It’s unfortunate that the debate thus far has often brought up the necessity of legislation rather than the benefit of legislation. Some of our laws, I agree, create negative externalities that outweigh the benefits they provide. But others may not be ‘necessary’ (however you define that) but still benefit the region. Our laws should not be the bare minimum we need to hold our government together; they should encompass the legislation we want to shape our government and accommodate our interests. Some of those interests, clearly, have been preserved. Others, as far as I can tell, have simply been pushed off into the murky, undefined world of ‘flexibility.’
Why not make our government more flexible?
Where does complexity go when we cut it from our laws?
Spoiler alert: it doesn’t just magically disappear. The ugly truth is that when we simplify our laws, there are only so many ways to handle the complexity we cut out.
We could, of course, just get rid of it for good. Our laws don’t establish an official format for legal deadlines? Get rid of it. Our laws don’t establish official regional holidays? Forget about them. Our laws don’t establish a foreign ministry? Abolish it. Our laws don’t establish rules of legislative procedure? Don’t need them.
Clearly, there are some things we may want to keep around, in which case the complexity is simply passed to our government officials. If our laws don’t establish any responsibility for integrating new players, but the Prime Minister wants to, that’s their complexity to deal with. If our laws don’t establish any procedures for court cases, but the High Court wants to, that’s on their shoulders now.
Since it’s come up in the discussion, I’ll use legislative procedure in the Assembly as an example. In our current system, our legislative procedures are codified into law. If anybody — including the Chair — wants to read through the procedures of our Assembly, they can do so in our law archive. If the Chair doesn’t like those procedures, they, like any other legislator, can propose changes to the relevant laws.
By simplifying our laws, we’re just making Assembly procedures more complex. Now, the Assembly has to figure out the procedures they want to use from scratch. Do we want a presiding officer? Do we want multiple? Do we want to elect them? Do we want to choose them by lottery? What procedures should we follow? Should we require motions? Seconds? Thirds? Should we hold legislative sessions? Should we establish a quorum? Who sets these rules? How often are we going to change them? How many people should it take to change them?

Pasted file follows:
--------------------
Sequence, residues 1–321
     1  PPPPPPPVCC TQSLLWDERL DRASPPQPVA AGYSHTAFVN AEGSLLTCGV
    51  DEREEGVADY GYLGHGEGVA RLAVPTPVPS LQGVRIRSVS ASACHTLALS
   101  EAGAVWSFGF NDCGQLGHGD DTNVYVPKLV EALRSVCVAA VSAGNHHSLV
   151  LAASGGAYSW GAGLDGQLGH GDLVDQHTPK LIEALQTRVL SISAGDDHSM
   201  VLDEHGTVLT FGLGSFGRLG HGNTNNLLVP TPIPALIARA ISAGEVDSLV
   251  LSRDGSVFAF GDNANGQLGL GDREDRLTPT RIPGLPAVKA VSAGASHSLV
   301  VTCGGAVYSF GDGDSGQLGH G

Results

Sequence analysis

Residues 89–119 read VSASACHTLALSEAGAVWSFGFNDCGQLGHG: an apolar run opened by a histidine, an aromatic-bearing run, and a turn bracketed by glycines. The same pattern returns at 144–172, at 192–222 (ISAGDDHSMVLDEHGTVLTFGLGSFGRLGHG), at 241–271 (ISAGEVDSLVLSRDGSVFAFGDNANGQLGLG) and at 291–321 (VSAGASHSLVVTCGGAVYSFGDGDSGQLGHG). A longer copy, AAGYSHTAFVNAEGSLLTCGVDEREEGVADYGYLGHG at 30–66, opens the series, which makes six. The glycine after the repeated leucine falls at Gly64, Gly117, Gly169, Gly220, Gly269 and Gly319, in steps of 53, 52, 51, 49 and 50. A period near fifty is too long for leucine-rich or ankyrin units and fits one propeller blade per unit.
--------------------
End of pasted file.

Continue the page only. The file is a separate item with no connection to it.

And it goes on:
Maybe when we’re done coming up with all these rules, we’ll want to write them down. Perhaps we could call it legislation!
Maybe we don’t want to bother with this headache again, so we decide to keep the rules the same as long as they work for us, and if anybody feels the rules aren’t working well anymore, they can propose a change. We can call those changes amendments!
By the way, our government is flexible, because the laws that shape it can be amended, repealed, and replaced. But it doesn’t help to just wave our hands broadly at our current laws, blame them for our current problems, and say we really only need the bare minimum. It doesn’t actually fix our governance problems, and it doesn’t fix our cultural problems either.
Why not discourage professionalism?
Professionalism can mean different things to different people, so to start out, let’s ask the New Oxford American Dictionary.
professionalism | prəˈfeSHənlˌiz(ə)m, prəˈfeSHnəˌliz(ə)m |
the competence or skill expected of a professional: the key to quality and efficiency is professionalism.
Fundamentally, we should expect a level of professionalism from our government officials — not to the level of a real-life professional, but certainly a reasonable degree of competence and skill at playing the game. That’s why we elect or appoint them!
Perhaps, this isn’t the kind of professionalism we like to complain about; but for the most part, it’s the only kind of professionalism actually codified into law. There’s no law that says our government officials must format their forum posts nicely because someone else started doing it. There’s no law that says our ministers must have dozens of staffers because another ministry does. There’s no law that says you have to write hundreds of words in response to me just because I had too much free time for my own good this week!
Dramatically simplifying our laws doesn’t address this culture. There are problematic laws on this front, but it’s not all of them. And instead of lowering those barriers to entry, this proposal just piles more on the plates of our government officials.
Why not leave it for the future?
Forgive me for simplifying, but it feels like the response to many concerns raised so far has just been that we can figure out the details later as needed. If we’re already discussing that now, it sounds like some of us are interested in writing those laws — so why not write them now?
I don’t believe that this proposal is really the bare minimum we need, but even if so, that doesn’t make it the bare minimum we want. If there are things we want our government to do — if there are things we want to do as part of our government — then we ought to put that into legislation. That’s what legislation is for!